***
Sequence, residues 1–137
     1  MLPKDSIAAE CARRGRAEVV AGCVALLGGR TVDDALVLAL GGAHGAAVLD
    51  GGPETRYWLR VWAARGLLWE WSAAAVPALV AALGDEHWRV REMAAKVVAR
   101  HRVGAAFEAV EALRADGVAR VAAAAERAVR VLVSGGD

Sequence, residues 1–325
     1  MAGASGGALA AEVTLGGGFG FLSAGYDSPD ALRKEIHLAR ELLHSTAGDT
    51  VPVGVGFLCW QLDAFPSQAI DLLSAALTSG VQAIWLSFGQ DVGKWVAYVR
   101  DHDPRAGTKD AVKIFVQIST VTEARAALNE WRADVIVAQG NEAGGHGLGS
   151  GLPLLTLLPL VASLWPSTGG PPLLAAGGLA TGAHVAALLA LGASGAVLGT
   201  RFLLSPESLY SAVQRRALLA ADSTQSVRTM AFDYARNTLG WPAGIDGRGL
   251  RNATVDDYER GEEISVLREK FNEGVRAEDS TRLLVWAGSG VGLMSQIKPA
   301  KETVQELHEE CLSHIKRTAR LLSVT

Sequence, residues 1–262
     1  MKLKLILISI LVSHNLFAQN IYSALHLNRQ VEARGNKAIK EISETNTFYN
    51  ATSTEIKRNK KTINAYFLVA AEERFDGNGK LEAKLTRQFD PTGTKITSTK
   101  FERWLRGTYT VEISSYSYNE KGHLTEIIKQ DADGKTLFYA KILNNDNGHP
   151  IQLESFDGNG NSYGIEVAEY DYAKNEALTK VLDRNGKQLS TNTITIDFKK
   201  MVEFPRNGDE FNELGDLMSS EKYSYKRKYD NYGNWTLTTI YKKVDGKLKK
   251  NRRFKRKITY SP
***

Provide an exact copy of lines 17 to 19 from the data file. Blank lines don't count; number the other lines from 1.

   151  IQLESFDGNG NSYGIEVAEY DYAKNEALTK VLDRNGKQLS TNTITIDFKK
   201  MVEFPRNGDE FNELGDLMSS EKYSYKRKYD NYGNWTLTTI YKKVDGKLKK
   251  NRRFKRKITY SP